TCHAIKOVSKY: Symphony No. 2 in C Minor, Op. 17 “Little Russian”; Symphony No. 3 in D Major, Op. 29 “Polish” – Vienna State Opera Orchestra/ Hans Swarowsky – Tuxedo mono TUXCD 1066, 74:20 (2/3/15) [Distr. by Albany] ****:
Hungarian conductor and pedagogue Hans Swarowsky (1899-1975) led the two Tchaikovsky symphonies inscribed here with the VSOO in 1952. Having trained with Felix Weingartner, Richard Strauss and Arnold Schoenberg, Swarowsky possessed strong gifts in both the instrumental and operatic media, and Herbert con Karajan insisted Swarowsky assume the permanent conductorship of the Vienna State Opera.
Tchaikovsky’s C Minor Symphony (1873; rev. 1880) remains his most “nationalist” symphonic work, in spite of his pro-German leanings and the heavy influence of Beethoven’s own Fifth Symphony. The first movement exploits the folk tune, “Down by Mother Volga,” in various capacities, particularly in the use of brass and woodwinds. Swarowsky drives the Andante – Allegro rather hard, emphasizing the dramatic impetus even more than the occasional outpourings of folk lyricism. Having first heard this work under Eugene Goossens, I must say the Swarowsky reading proves more “Teutonic” in its sense of classical architecture. The ensuing Andante marciale develops a wedding march intended for the opera Undine. Tchaikovsky treats the melody more balletically – in variation – than in strict sonata-allegro dictated by German tradition. Swarowsky elicits some deep sounds from his secondary strings and woodwinds. The potent cadences hint at Wagner while the fleet impulses point to both Mendelssohn and Glinka.
The folk tune “Spin, oh my spinner” forms the basis of the Scherzo movement, and Swarowsky pays a great deal of attention to the interior lines while the strings, brass and tympani carry the galloping main idea. The syncopes of the Trio combine something of Haydn’s wit with Russian peasant stock. The pizzicato already forecast the composer’s textural facility in the Fourth Symphony. The folk tune “The Crane” provides the impetus for the Finale, and a family resemblance exists between the opening sonority and Mussorgsky’s 1874 Pictures at an Exhibition. Tchaikovsky, however, reverts to a bold Russian dance, heavily syncopated and orchestrated in a series of dazzling colors that once more anticipate the Fourth Symphony. A resonant power invests the Swarowsky reading that belies its age and any sound limits from the original mono LP incarnation.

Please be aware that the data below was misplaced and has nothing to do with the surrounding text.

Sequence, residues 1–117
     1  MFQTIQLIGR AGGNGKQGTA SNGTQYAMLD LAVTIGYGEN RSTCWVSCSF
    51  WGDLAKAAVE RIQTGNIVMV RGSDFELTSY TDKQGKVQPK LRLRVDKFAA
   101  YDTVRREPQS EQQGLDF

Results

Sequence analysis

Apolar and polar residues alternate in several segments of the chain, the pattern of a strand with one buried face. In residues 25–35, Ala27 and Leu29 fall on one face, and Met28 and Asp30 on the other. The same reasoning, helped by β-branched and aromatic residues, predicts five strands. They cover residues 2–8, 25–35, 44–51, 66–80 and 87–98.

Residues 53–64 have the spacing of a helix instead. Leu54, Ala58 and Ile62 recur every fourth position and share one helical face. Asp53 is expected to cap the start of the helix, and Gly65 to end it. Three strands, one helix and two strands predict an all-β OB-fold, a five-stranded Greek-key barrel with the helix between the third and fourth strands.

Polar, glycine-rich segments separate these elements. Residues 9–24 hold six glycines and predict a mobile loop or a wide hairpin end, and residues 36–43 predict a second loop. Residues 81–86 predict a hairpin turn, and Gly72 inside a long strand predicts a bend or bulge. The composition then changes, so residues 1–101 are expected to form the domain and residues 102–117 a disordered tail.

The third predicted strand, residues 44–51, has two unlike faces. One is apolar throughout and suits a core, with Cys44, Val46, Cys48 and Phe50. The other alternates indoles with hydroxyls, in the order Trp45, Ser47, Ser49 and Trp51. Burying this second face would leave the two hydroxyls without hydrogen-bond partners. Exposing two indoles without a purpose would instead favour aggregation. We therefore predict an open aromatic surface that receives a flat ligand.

It hardly seems appropriate to entitle the D Major Symphony (1875) a “symphony,” since it more resembles an extended ballet suite. The one movement marked “Tempo di polacca” must suffice for the epithet “Polish” for this unwieldy score. The orchestration, however, sets the work apart as an advance in Tchaikovsky’s arsenal of color syntax. The last movement contributes to the influence of Beethoven on Tchaikovsky’s “cyclic” propensities. Swarowsky fashions a performance fleet and muscular, resonant in the strings, winds, and brass. Having first heard this work with Sir Thomas Beecham from 1947, I might find that reading over refined and lacking in virility compared to this resolute interpretation. A reading from Lorin Maazel in this work would well emulate much of the Swarowsky ethos. A delicate waltz, the Alla tedesca trips and sways lightly. Bucolic in spirit, the Andante elegiaco celebrates the natural world without the later neuroses of the symphonies that “autobiographically” depict the composer’s tortured self-doubts. It concludes much like a “scene de ballet.” The fleet but studied Scherzo: Allegro vivo moves in facile palette in winds and strings, the flute part pure Mendelssohn. The rather ponderous dance of the last movement moves with what grace Swarowsky can muster in the broken string line, but the Vienna winds carry the textural interest, for my money. The typical “German” ploy in counterpoint merely attempts to confirm Tchaikovsky’s self estimate as an international composer.
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